County’s kids deserve more than just sound-bites,
empty rhetoric and election year promises.
need advocates in Topeka willing to stand up
for their needs and enact education policies
which will equip them to become tomorrow’s
Representative Ray Merrick is just that kind
of leader…with a voting record to back
has worked as our legislator to protect our
schools, increase their funding and raise our
Merrick has consistently worked and voted to
increase the local option for Johnson County
Schools. He has been an outspoken critic of
our state’s education finance formula
which robs Johnson County schools of Johnson
County tax dollars.
most importantly, as an experienced lawmaker
Ray Merrick has the knowledge and commitment
to give us more local control over the tax dollars
that fund our schools.
the father of Blue Valley graduates, no one
knows better than Ray Merrick the importance
of a good education. Johnson County kids need
Ray Merrick to continue fighting for them. He
is their biggest ally in Topeka.
For more information on the legislature, please visit my legislative website at www.ksprotem.org.
While the Legislature did not take conclusive action on illegal immigration this year, I did propose legislation which would ensure Kansas enforces Federal immigration law. In House Bill 2945 I authored strong language to protect Kansas’ tax payers by prohibiting state agencies from spending on services to illegal aliens. This bill also provided for accountability within our state government to ensure these federal laws were being enforced. Unfortunately, my bill did not get a hearing until the last day of session and was not completed in a timely fashion for the House or Senate to debate it. While we strive to make Kansas a better home for all legal citizens, I believe it is imperative we welcome those who would come here legally and not reward those who do not.
Also this year, I introduced a bill to create a Health Care for Seniors Fund. This bill would create a special fund in the Department of Aging to distribute certain additional tobacco litigation settlement proceeds to seniors for the rising cost of health care. I will be continuing to do what I can at the state level to reduce health care costs and general living costs for seniors and fight to bring this bill before the whole House for passage.
Taxes & Business
I was proud to see the House of Representatives pass several substantial tax relief bills which will save the constituents of the 27th District their hard-earned dollars. Not only will these tax cuts benefit our individual pocket books in the near future, but they will stimulate economic growth in Kansas and enable the state to budget more efficiently for other priorities. The House passed the phasing out of the Machinery and Equipment Tax which inhibited start-up companies from buying heavy equipment and much needed supplies. Also, we passed the elimination (phase-out) of the Estate Tax. We also expanded the list of organizations that are exempted from paying sales tax, passed a bill restoring uniformity to local sales tax provisions relating to cities, and expanded the income tax credit program for certain qualified adoptions. These should all stimulate economic growth and benefit our small businesses.
Since the U.S. Supreme Court’s recent decision that private property could be seized using eminent domain for purposes of economic development, I have heard many concerns from constituents. It was evident Kansas needed to limit this authority to protect your property while still allowing the government to acquire property for things like utilities and roads. This legislation passed, after much debate on how stringent it should be. Though not the strongest language, I believe this legislation should protect property owners in the 27th District from having their land taken by the city to be given to a developer for “economic development” just because the landowner wants to use the property as they see fit.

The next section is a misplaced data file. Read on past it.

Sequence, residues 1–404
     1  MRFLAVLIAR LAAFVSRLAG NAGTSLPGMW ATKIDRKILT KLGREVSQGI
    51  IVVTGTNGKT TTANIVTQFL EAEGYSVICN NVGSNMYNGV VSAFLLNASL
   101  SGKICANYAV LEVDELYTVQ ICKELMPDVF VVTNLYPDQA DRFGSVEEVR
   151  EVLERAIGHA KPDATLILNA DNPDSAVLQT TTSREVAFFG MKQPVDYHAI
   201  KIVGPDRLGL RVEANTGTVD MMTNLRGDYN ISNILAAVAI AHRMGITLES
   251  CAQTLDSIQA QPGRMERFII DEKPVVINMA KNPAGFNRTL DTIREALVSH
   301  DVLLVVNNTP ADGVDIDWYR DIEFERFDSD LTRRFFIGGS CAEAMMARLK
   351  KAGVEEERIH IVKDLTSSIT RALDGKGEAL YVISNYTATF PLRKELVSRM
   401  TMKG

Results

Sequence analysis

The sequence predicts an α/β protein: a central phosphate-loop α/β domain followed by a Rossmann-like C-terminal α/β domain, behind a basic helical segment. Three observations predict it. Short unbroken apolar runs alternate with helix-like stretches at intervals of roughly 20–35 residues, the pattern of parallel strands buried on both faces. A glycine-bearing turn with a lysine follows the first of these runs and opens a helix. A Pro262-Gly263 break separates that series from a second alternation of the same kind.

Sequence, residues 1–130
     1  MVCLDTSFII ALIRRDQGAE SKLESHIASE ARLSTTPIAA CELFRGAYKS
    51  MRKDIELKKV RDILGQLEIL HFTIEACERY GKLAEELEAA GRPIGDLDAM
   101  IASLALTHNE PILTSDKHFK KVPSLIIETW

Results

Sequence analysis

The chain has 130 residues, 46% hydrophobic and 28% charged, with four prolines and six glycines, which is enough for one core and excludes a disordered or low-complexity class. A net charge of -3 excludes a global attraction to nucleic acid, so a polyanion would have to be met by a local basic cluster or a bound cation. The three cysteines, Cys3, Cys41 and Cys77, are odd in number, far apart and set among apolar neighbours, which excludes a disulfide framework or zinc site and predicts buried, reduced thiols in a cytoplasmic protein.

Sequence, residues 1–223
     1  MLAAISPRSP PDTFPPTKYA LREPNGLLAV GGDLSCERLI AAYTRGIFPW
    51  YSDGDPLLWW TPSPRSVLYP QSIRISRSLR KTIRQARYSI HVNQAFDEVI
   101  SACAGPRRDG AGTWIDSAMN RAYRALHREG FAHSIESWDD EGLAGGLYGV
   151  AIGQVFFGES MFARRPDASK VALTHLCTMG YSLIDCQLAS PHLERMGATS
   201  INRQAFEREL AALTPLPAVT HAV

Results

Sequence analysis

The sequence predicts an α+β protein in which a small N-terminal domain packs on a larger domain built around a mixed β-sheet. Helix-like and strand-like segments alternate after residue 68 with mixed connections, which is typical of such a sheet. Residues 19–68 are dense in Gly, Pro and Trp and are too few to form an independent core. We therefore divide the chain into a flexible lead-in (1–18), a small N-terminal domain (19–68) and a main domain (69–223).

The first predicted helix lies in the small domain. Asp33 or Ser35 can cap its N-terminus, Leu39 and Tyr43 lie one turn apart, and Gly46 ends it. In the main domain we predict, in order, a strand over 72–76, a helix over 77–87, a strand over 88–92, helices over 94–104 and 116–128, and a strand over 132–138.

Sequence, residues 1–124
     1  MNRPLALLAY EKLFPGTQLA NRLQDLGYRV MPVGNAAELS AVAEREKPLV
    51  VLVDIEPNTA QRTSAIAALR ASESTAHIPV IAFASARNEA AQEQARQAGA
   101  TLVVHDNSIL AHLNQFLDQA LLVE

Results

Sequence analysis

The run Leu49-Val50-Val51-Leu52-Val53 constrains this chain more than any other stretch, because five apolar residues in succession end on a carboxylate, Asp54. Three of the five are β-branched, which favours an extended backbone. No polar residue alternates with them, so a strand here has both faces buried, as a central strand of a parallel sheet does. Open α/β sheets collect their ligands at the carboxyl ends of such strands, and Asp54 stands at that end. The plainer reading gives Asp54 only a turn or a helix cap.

House Bill 2576 increases prison sentences for repeat sexual offenders, specifically those who prey on children. Modeled after a law passed in Florida following the Jessica Lunsford tragedy, this bill increases the sentences for a first time offense to 25 years to life, a second offense to 40 years to life, and a third offense would result in life without parole. Jessica’s Law passed unanimously.
After years of debate, another school finance plan has passed both the House and the Senate. This additional bill pumps another $466 million into our public schools. This is in addition to the $143 and $142 million we added to the annual school budget last year. Unfortunately, this large amount of money comes without policy provisions enabling the state to hold school districts accountable for how the money is spent, how the court mandates spending, or how budgets are reported to the Legislature and the public. Two weeks prior, a bill gained the support of most Republicans which had these policy provisions and slightly less total dollars. This bill, which I helped draft, would have been much better for Johnson County schools. However, in the final vote many of my colleagues joined with the Democrats to kill this bill hoping to get even more money for schools without the accountability provisions. I am afraid this ultimately led to the final bill which does very little if anything at all for Johnson County schools. Essentially, Johnson County had its chance and with only a few representatives fighting for it, we lost.
Age of Marital Consent
House Bill 2541 was introduced to respond to the much publicized case of a 22 year-old man coming to Kansas from Nebraska to marry his 14 year-old girlfriend. Such a marriage is already prohibited in Nebraska. The new bill established the minimum age for people to marry in Kansas as 16, with a provision for a judge to allow a 15 year-old to marry if the judge finds it in the child’s best interests.